Having the characters waste dialogue on multiple occasions explaining motivation and plot points that are already glaringly obvious is bad enough, but when the V.O kicks on at the end just to make sure it’s really, really clear I felt an overwhelming urge to throw my remote at the TV. Apparently, writer/director Brett Mullen hasn’t had the concept of “show, don’t tell” explained to him and I was somewhat surprised that he didn’t simply cut to a scene of himself reading the script out loud to the audience before climbing out of the TV to literally beat us over the head with it.

It’s really a shame that the quality visuals of this film have to be tainted by these ill-conceived and avoidable missteps, but this is definitely a case where an aggressive re-cut could greatly improve the end result. If Mullen simply removed all traces of V.O and trimmed off the scenes that didn’t move the central plot forwarded there would be a very decent film here, assuming there was enough footage left to still qualify as a feature.

2-5-stars-red

Luciferina (2018)

LuciferinaThe demonic possession sub-genre of horror is one that ebbs and flows in popular consciousness but never truly disappears. Perhaps this is because the idea of losing control to a powerful unseen force is something that can have the ability to instill a profound sense of dread within us, at least when it’s executed properly. Whether or not it factors in a heavy dose of religious anxiety, as they usually do, the general concept of demonic possession is a well that’s been dipped into many times and with the success of recent films like Hereditary, you can expect that trend to be on an upward swing. This means that for films on this topic to stand out, there needs to be more to their plot than a by-the-numbers rehashing of The Exorcist and today we’ll see if Luciferina has what it takes to stand out from the crowd.

The film centers around a young nun named Natalia (Sofía Del Tuffo) who must return home after a sudden “accident” leaves her mother dead and her father catatonic. Once home she is reunited with her troubled sister Angela (Malena Sánchez) who insists she join her and her friends on a trip to an isolated island where a shaman is going to perform an Ayahuasca based cleansing rite on them. Concerned about Angela’s safety in the presence of her abusive boyfriend, Natalia agrees to join them on the trip and, this being a horror film, it’s no surprise that things quickly take a turn for the worse.

At the heart of any film are the characters themselves and the fact that Luciferina really takes its time to effectively develop them into real people rather than stereotypes pays off, as it makes the story significantly more engaging. I wasn’t even thinking about the fact that the plot could essentially be described as a group of young, attractive people being terrorized in an isolated location the woods because it feels worlds away from schlock like Dark Forest and the myriad of others more typically associated with that general plotline.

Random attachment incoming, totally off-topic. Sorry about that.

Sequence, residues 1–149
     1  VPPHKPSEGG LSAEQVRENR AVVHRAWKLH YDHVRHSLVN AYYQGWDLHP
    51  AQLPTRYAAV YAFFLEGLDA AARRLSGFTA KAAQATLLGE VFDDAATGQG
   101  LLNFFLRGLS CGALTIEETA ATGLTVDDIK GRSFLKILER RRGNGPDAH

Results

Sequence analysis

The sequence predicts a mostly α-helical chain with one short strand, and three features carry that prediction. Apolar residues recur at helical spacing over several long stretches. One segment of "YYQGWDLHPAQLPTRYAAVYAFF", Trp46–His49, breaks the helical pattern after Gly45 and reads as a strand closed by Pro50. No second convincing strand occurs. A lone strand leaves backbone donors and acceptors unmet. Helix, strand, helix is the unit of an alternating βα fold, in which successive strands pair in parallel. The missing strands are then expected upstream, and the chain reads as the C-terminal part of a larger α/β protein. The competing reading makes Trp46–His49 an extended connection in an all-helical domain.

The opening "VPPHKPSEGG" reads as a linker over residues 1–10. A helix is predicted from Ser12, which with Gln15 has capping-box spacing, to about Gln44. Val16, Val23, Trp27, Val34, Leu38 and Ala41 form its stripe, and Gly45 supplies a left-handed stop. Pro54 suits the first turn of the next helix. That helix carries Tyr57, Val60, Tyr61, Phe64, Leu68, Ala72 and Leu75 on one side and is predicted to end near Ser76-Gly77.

Of course developed characters are only one piece of the puzzle but thankfully Luciferina is also able to deliver superb, realistic performances and some great, bloody, practical effects. The story is also unconventional and interesting and boasts some genuinely chilling moments and unpredictable turns. Still, there are some points where the story line itself can feel a little muddled and a few scenes that would have benefited from a bit more clarity, but not enough to significantly detract from the overall experience. As long as films of this kind are bringing this level of quality to the sub-genre, then demonic possession will remain a horror staple for years to come.

3-5-stars-red

 

Short Film Review: Not in My Mouth (2018) Duration: 4 min 54 sec

poison 5 jpgWhen you have a total runtime of under five minutes you have to pack a lot of content in to create a memorable experience. Fortunately Not in My Mouth does just that and is able to do a lot with it’s micro story in just a few short minutes. Set against a delightfully discordant and aggressive score by White Gardenia and Geimhreadh, the film is directed by (and stars) Poison Rouge, director of the newest American Guinea Pig film, Sacrifice.

It’s hard to talk much about the short plot without giving it all away but let’s just say it involves a bath, some torture, and even packs in a nice reveal at the end. The rest you’ll have to see for yourself and see it you should because NiMM is brutal, sexy, and just a great way to spend a few minutes. The gore is well done and the reverse shots from inside the mouth of the torture victim are especially innovative and fun. Really delivers everything you could want in a what’s essentially a music video and a bloody good one at that.

4-stars-red